OLS t, blue line = LOESS t.
Journal of Psychological Research | Volume 03 | Issue 03 | July 2021
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3.2 Ideology Tags
Next, we turn to our ideology tags. Here we begin
by taking a univariate approach, calculating an average
(central tendency) for each tag. We chose the weighted
mean and median as our estimators.6 Figure 9 shows the
results for the logRR metric.
Compared to the general voting population, journalists
prefer parties that are associated with the following
ideologies: green parties/environmentalism, feminism,
support for the European Union, socialism. Conversely,
journalists are less likely than the general voting
population to support parties associated with the following
ideologies: national conservatism, libertarianism,
populism, nationalism and conservatism. Tables S1 and
S2 in the Supplementary Information give the numerical
In some cases, the magnitude of journalists’ relative
preferences was quite large. Across the two versions of
RR, the general population votes about 6.1 times more for
national conservative parties as journalists do, whereas
journalists vote about 3.0 times more for green parties.7
For robustness, we analysed the data using unweighted
versions as well as using the log10OR metric. However,
doing so made relatively little difference to the results.
The correlations across combinations of metrics were very
strong with a mean/median correlation of r = .89/.91.
3.3 Multivariate Analyses
Having seen that both left-right position and most
ideology tags are associated with journalists’ relative
preferences, we now tackle the more complicated question
of how to combine the predictors into a single model. In
particular, we have only about 120 cases with complete
data, but 22 interrelated predictors. The predictors consist
of the 21 tags and the overall political position, of which
we have two versions. We also have three different
outcome variables. Given these limitations, we did not
expect to get useful results from OLS regression.
6 The unweighted median is the middle datapoint in a set of numbers
ranked by value. If there are an even number of datapoints, the mean of
the two middle datapoints is used. The weighted median works the same
way, but applies the weights (1/number of parties in that country) to
increase or decrease the relative size of each datapoint along the ranking,
and then chooses the middle one as usual.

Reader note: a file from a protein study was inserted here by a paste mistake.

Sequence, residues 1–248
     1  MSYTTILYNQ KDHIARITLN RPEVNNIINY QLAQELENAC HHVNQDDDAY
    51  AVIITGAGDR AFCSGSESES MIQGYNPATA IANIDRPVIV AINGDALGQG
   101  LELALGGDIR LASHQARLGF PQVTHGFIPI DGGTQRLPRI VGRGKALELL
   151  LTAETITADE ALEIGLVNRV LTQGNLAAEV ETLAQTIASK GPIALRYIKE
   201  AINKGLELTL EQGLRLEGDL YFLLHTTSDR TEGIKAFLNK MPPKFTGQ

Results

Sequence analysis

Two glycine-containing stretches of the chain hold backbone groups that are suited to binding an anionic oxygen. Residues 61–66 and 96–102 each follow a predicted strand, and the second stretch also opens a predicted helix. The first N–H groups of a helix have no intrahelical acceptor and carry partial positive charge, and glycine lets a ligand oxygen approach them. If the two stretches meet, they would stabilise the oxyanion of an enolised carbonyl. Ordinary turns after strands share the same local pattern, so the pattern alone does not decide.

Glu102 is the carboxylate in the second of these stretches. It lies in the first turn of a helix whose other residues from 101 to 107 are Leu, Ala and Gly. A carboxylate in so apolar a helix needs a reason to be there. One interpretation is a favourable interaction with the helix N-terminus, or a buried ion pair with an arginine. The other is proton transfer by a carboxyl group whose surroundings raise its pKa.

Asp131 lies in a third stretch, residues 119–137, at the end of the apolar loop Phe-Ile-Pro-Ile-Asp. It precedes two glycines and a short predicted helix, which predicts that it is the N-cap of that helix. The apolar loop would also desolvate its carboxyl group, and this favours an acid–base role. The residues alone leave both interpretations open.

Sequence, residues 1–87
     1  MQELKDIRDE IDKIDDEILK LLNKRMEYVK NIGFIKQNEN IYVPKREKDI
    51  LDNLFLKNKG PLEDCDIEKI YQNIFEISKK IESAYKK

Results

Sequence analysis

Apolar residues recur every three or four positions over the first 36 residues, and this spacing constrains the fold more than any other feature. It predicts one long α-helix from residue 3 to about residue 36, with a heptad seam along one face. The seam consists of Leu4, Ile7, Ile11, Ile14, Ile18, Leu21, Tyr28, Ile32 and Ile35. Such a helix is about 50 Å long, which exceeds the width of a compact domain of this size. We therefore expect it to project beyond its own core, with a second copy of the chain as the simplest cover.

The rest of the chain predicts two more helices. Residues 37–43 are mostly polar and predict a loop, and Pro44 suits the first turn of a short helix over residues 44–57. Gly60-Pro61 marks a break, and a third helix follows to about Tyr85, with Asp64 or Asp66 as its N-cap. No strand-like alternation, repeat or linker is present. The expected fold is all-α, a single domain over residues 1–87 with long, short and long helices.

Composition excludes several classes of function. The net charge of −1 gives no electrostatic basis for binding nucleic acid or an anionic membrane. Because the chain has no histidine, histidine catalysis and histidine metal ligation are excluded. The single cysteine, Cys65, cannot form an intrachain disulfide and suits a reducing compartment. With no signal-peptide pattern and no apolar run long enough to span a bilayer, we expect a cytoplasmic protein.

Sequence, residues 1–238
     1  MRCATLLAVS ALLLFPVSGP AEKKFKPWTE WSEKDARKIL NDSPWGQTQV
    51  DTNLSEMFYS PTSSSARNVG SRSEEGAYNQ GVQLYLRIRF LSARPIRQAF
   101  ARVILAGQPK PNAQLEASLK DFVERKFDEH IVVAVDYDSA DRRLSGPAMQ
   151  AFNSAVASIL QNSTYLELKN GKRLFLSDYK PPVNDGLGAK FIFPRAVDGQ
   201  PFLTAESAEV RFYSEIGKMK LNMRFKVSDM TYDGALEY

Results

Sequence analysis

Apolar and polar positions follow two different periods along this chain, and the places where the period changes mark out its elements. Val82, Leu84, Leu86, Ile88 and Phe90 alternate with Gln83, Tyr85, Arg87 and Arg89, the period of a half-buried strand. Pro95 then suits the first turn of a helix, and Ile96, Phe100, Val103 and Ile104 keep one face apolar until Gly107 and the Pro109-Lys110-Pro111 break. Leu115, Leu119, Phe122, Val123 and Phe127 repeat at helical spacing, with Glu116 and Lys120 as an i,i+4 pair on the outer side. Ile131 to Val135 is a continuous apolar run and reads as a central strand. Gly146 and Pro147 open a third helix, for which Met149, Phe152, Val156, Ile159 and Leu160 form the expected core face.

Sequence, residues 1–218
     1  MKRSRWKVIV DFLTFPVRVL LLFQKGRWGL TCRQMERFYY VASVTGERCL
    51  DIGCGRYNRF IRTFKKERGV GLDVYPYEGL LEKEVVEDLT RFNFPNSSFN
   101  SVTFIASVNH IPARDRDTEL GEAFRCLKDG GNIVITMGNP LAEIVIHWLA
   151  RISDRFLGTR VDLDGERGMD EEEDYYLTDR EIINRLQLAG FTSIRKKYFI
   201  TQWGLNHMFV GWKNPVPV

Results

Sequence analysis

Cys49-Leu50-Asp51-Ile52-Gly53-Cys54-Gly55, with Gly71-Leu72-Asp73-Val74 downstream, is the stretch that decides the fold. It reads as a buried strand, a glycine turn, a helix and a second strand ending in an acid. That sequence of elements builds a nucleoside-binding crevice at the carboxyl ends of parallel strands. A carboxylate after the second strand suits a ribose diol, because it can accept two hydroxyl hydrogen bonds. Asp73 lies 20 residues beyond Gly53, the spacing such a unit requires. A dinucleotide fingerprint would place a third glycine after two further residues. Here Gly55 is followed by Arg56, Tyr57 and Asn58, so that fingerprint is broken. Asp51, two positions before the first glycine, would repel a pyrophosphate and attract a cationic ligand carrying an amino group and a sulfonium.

7 The outlier in the gure for the green tag is Youth Party – European
Greens, from Slovenia (
Party_%E2%80%93_European_Greens), which obtained anomalously
low support among journalists in a sample of 300 journalists from 2009.
As a matter of fact, the result is probably due to sampling error, given
that the party received only 2.6% among the general population and 0.3%
among the journalists. This is a difference of only a few individuals in
the sample, and illustrates the extreme sampling error problem with the
RR and OR metrics when the level of support for a party is low.
In macroeconomics, a similar issue arises when using
country-level data. Consequently, some economists
have begun using a Bayesian model averaging (BMA)
approach8 [28-31]. This method involves fitting all the
possible regressions (where possible, otherwise sampling
1000s of them), and seeing which predictors tend to be
included in the best models, and how strong they are in
these models. It is conceptually similar to best subset
selection [32], and is a form of meta-analysis [33]. We fit
BMA to our dataset using the BMS package [34]. We used
the default settings for the package, and analyzed the
complete set of models since this was computationally
feasible. In our case, there were 21-22 predictors yielding
2-4 million models to evaluate (runtime on a laptop was a
few minutes for each set). We did this for each of the three
outcome metrics (d, log10RR, and log10OR), and each
of the two sets of political position data (Wikipedia and
rater-based). We left out the populism tag because of its
redundancy with respect to the directional populism tags
(right-wing populism and left-wing populism).